I’ve seen many performances by the Latin Ballet of Virginia (LBV) over the years. Some have been fiction, some fantasy, and others, like, Victor: the True Spirit of Love, are based on fact. But this one was different. This one touched my heart and had me weeping unashamedly in my seat.
Unlike many LBV programs, this one did not have elaborate scenery, although there were larger-than-life projections of photographs from Victor Torres’ life, scenes from the documentary about his life, and background photos of buildings and cars and alleyways representing Brooklyn, NY in the 1960s. These projections were often so well integrated into the live performance that they became part of the choreography.
Rather than a range of choreography representing the Latino music and dance, heritage, and history, there were poignant selections ranging from R&B to Mambo to Christian songs and instrumental music. Some were upbeat, but all seemed carefully chosen to help carry the emotion and narrative of the story, using movement and music and very few words – so when words are used they have the utmost impact.
Victor tells the story of Victor Torres, a former gang member and drug addict and current pastor of the New Life for Youth Ministries and New Life Outreach Church, right here in Richmond, VA. But more than that, Victor is a story of redemption, of hope, of people helping people. It is a story of victory. It is about finding God, but it is not about religion. It is about faith, but it does not preach. It is about the power of a mother’s love.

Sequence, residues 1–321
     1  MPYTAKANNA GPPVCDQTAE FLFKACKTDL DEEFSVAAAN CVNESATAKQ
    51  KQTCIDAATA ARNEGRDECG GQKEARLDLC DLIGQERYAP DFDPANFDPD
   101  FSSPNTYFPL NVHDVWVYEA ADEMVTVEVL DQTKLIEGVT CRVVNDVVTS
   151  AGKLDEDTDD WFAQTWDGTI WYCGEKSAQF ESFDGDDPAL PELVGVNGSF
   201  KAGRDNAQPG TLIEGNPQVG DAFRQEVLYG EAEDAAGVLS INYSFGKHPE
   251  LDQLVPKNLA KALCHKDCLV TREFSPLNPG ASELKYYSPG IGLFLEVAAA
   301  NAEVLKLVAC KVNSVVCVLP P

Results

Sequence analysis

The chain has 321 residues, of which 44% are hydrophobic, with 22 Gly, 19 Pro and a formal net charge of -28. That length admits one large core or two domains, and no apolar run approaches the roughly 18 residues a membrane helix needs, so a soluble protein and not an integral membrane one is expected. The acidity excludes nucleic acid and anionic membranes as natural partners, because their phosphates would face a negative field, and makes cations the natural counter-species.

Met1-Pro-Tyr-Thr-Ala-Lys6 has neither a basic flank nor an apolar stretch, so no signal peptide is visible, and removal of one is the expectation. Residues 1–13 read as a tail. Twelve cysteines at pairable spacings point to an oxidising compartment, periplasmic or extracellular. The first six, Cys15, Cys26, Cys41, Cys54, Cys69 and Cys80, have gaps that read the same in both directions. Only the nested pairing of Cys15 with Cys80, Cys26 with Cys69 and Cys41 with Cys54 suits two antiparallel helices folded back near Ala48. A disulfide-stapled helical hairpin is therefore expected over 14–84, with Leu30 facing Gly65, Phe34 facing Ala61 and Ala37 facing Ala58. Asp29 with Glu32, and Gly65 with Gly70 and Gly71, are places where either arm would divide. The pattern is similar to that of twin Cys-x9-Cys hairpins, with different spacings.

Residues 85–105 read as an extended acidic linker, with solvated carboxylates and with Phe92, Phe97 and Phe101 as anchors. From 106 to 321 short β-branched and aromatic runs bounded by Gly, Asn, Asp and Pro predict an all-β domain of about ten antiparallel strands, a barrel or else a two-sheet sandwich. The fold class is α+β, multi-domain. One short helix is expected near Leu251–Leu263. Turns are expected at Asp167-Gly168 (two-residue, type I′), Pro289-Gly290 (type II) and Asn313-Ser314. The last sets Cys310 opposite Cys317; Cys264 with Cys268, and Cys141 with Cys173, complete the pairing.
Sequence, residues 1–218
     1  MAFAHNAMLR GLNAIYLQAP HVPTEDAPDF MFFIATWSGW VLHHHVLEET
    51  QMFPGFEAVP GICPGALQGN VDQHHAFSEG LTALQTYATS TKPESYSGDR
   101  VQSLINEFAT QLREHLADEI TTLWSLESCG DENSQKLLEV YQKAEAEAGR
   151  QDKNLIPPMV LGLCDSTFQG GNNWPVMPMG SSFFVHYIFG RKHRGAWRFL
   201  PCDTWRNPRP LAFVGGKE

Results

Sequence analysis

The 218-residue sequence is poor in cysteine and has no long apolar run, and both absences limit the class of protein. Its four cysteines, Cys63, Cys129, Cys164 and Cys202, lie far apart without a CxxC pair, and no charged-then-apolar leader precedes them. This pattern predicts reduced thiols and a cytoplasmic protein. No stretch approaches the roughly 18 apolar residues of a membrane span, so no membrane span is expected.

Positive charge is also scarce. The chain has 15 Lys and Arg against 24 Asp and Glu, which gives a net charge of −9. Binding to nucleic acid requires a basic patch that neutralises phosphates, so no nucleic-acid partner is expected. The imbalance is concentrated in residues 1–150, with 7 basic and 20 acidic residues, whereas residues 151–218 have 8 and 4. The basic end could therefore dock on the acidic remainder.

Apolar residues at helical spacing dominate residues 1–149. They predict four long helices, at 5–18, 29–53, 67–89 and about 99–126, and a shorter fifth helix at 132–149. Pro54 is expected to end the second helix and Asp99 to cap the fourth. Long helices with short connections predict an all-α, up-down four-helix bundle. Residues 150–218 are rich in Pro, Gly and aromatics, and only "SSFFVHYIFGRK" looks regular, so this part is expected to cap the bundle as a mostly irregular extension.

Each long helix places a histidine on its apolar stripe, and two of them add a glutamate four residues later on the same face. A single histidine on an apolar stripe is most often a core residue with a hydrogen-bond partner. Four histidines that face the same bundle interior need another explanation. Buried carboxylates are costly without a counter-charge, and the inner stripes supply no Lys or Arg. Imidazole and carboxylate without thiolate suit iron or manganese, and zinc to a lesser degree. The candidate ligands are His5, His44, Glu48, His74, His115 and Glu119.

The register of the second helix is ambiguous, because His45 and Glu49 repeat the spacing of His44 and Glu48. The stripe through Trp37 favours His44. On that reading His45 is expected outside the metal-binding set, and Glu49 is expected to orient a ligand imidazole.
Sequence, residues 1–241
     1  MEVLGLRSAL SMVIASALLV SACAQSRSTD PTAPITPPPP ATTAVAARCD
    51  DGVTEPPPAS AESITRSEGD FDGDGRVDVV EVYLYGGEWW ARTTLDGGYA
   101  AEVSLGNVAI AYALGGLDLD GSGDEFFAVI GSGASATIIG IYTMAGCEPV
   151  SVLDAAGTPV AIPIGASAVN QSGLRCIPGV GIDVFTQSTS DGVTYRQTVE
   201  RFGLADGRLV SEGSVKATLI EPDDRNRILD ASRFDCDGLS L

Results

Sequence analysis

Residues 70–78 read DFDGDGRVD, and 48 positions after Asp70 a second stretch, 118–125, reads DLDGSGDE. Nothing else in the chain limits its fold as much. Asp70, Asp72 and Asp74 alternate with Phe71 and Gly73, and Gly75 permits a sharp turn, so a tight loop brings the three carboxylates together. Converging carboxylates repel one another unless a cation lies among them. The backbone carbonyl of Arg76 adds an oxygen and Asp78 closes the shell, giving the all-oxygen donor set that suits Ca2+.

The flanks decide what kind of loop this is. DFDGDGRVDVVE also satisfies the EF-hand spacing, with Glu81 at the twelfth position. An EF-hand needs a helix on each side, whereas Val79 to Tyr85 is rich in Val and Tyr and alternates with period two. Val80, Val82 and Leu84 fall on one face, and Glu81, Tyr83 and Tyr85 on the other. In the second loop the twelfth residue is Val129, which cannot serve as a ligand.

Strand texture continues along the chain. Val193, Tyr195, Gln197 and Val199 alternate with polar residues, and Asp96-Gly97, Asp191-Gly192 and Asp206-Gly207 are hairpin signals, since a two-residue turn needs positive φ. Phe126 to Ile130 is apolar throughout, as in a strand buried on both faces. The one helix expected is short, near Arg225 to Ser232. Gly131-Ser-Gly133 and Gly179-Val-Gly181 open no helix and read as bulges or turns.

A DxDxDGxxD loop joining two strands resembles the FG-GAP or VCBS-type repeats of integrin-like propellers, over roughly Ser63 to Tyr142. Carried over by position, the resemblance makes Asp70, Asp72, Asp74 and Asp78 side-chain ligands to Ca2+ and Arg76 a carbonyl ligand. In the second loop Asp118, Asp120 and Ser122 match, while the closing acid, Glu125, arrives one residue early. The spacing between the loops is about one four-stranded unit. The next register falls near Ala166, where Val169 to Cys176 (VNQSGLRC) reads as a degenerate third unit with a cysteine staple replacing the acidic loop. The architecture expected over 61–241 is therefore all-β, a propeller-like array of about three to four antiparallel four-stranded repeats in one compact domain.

It’s not so much the choreography, which is sometimes powerful but mostly quite simple. It is not so much the dancers’ technique, which is sometimes quite stunning, but sometimes uneven – involving, as it always does, both professional and pre-professional dancers and children. But the collaboration of all the elements, culminating in the surprising appearance of three graduates of Pastor Torres’ program as their recorded images and voices give testimony of their dark past and hopeful present – and shines light on their future. This is dance with a purpose that is more than just entertainment. It tells a story. It offers the possibility of healing.
Pastor Torres came onstage after Saturday evening’s performance to take questions, and to offer congratulations to the performers. Roberto Whitaker danced the role of the young Torres – bringing the man himself to tears, by his own admission. Whitaker, who I have watched grow from a promising young hip hop dancer to a versatile professional, led the company, appearing in nearly all of the twelve scenes, from a hip hop and capoeira infused fight (“The Roman Lords”) to a 1960s style jitterbug (“Rock & Roll with My Mama”) to acted and pantomimed scenes of overdosing and recovery and a lyrical dance duet of faith with his savior. Artistic director Ana Ines King danced the role of Victor’s mother, Layla, and with her usual enthusiasm moved from mambo (“It is Mambo Time!”) through ballet, modern, and lyrical (“The Power of Mother’s Love” and “La Esperanza/Our Only Hope”), with an extra dose of drama (going into her prayer closet, and running to the rooftop to save her beloved son from being tossed off by gang members).
Teri Buschman and Marisol Cristina Betancourt Sotolongo made beautiful angels, while DeShon Rollins wore white as the spirit of hope and the saving grace of love. The scenes featuring four of the company’s men were powerful and beautiful, whether they were fighting or creating a smoke-filled, surrealistic scene of drug-fueled gang activity. This production would be a valuable contribution to the programs of churches, community centers, and youth agencies. I’ll just close with the words of the final selection, “Si Dios ama a un rebelde como yo, todo es possible/if God can love a rebel like me, anything is possible.”
Julinda D. Lewis is a dancer, teacher, and writer who was born in Brooklyn, NY and now lives in Eastern Henrico County.